Report calls for REDD+ to Invest in Forest Communities

News, 16 May 2012
Income generated from REDD+ should be given to forest communities to invest in their future, recommends a new report by The Forests Dialogue (TFD). Investing locally in this way should be part of understanding REDD+ as integral to broader development among forest-dependent communities.
Forested hills in Nepal, with a house in the foreground and forested hills, and then clouds behind.

The Charnawati watershed in Dolakha, Nepal is one of the three sites selected for the first REDD pilot projects in the country

The new report Giving REDD+ Life, examines the relationship between Reducing Emissions from Deforestation and forest Degradation (REDD) and broader development goals, and explores how and why the two should be integrated. The report is being launched as the advisory bodies for the United Nations Framework Convention on Climate Change meet in Bonn this week, and one month before the Rio+20 summit in Brazil—with “green economy” and financing high on the agendas of both meetings.

“The most sustainable, long-term conservation occurs when local communities have access to and control over their resources,” says Gary Dunning, Executive Director of TFD. “These resources include those generated by REDD+ initiatives, but the benefits should be used to support broader, sustainable local development. We need to approach forests as landscapes rather than just sticks of concentrated carbon.”

The wide-ranging report has other recommendations on REDD+ financing and distribution of benefits. It calls for donor agencies to do more to ensure that forest communities receive their share of REDD+ money, and for REDD+ to be linked with broader development funding to support local communities’ livelihoods and development efforts.

“Each country should have a system which tracks and reports the proportion of incentives and payments that actually reach the local level and whether that allocation is sufficient to deliver clear outcomes” says Stewart Maginnis, Global Director of IUCN’s Nature Based Solutions and Rights Group. “It’s there that the actions of farmers, community organizations, NGOs and businesses really determine whether those programs designed to contribute to the reduction of deforestation and to the restoration of forest landscapes—and in local development more generally—succeed or fail.”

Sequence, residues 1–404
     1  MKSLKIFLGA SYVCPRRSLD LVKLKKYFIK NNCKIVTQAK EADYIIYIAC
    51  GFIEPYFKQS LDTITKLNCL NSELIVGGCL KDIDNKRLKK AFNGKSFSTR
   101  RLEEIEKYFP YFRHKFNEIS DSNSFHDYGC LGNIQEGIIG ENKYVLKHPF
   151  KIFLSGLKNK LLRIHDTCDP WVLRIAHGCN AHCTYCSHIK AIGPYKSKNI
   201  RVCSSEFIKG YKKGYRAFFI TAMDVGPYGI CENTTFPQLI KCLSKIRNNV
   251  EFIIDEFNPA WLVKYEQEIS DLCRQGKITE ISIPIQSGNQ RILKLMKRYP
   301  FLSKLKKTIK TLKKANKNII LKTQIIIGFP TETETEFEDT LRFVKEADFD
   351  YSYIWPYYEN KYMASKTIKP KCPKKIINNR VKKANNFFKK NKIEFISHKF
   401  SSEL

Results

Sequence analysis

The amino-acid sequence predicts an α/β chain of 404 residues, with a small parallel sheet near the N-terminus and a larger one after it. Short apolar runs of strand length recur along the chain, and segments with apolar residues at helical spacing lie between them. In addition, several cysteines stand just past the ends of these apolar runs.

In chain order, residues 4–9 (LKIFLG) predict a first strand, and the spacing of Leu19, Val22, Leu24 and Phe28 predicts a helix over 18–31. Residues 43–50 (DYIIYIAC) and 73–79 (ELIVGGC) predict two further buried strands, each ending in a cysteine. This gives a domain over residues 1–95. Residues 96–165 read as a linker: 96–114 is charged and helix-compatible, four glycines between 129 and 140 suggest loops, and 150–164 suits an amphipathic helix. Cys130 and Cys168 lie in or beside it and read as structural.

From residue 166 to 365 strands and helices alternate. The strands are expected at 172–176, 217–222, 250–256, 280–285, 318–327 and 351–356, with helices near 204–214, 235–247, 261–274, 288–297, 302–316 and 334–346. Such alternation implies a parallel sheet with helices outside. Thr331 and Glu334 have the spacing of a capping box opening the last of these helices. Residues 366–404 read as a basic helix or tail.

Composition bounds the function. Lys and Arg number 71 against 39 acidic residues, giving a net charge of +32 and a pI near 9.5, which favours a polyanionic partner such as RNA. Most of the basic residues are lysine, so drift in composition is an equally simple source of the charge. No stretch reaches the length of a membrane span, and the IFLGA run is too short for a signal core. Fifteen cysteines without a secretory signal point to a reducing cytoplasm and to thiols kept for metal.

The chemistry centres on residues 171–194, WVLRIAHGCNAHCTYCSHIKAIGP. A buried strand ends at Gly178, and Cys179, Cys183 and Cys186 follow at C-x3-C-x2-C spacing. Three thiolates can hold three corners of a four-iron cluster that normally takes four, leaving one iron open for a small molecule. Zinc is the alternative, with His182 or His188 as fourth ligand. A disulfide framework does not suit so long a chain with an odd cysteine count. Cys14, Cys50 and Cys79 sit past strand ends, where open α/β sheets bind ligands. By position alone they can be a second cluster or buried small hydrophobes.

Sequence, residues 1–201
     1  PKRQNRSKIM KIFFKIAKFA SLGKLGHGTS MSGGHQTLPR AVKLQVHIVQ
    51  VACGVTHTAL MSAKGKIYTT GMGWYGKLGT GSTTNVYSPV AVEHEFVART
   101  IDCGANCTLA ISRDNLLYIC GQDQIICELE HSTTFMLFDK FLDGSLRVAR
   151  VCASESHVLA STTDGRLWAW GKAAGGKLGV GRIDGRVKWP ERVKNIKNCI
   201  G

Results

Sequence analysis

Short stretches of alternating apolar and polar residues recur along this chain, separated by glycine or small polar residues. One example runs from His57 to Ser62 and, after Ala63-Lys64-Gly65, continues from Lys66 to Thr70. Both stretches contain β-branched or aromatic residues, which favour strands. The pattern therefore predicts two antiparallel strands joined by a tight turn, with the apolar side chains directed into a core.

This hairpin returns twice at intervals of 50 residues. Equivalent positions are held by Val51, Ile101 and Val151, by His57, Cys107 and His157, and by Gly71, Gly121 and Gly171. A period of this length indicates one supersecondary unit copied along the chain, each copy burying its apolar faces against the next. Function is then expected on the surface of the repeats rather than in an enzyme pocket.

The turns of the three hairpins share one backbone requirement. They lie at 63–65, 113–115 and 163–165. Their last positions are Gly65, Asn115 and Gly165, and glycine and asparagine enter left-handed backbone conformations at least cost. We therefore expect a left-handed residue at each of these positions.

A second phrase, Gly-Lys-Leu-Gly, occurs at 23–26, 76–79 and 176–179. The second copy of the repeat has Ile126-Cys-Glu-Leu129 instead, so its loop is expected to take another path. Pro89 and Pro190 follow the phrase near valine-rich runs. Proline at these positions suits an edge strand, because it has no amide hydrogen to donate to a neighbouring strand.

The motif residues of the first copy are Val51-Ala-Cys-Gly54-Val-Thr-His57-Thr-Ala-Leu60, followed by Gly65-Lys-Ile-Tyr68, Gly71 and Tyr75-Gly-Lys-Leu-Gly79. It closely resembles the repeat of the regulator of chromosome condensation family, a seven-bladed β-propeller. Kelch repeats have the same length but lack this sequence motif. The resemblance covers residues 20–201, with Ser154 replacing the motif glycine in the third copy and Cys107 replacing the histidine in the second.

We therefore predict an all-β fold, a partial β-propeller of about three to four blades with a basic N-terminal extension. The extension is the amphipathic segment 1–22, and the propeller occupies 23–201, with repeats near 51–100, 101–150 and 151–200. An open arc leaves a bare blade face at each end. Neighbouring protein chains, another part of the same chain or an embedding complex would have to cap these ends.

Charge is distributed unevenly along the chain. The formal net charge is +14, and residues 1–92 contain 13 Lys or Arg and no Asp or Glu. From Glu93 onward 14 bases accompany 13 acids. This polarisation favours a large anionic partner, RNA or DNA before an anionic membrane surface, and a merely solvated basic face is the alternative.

The report recommends that more research be done on reducing the costs of REDD+ interventions in countries in order for benefits to be maximized. The report also makes the case for more incentives to entice private-sector investment in REDD+ implementation, as it would improve the chances of local REDD+ work being sustained after donor money dries up.

“REDD+ policies need to create incentives for businesses to get involved in sustainable forest management and to build local capacity for active stakeholder engagement and effective management.” says Joseph Lawson, Global Director of Sustainable Forests for MWV, a global packaging company and key member of WBCSD’s Forest Solutions Group.

Beyond the issues of financing and benefits, the Giving REDD+ Life report looks at key factors in getting REDD+ right for all involved parties, including those related to land tenure and governance of forests and forest resources.

“How to combine REDD+ and the interests of locals and indigenous peoples is a big challenge,” says Estebancio Castro Diaz, Executive Secretary of the International Alliance of Indigenous and Tribal Peoples of the Tropical Forests. “Indigenous communities have rights that need to be respected. The major challenge is the issue of land tenure and the rights to natural resources. Who’s entitled to what? Resolving those issues is very complex. REDD+ is unlikely to succeed and be accepted by indigenous peoples if the issues of rights and tenure are not resolved.”

To download the report in English:

http://environment.yale.edu/tfd/uploads/TFDReview_GivingREDD-plusLife_en_FINAL%20sm.pdf

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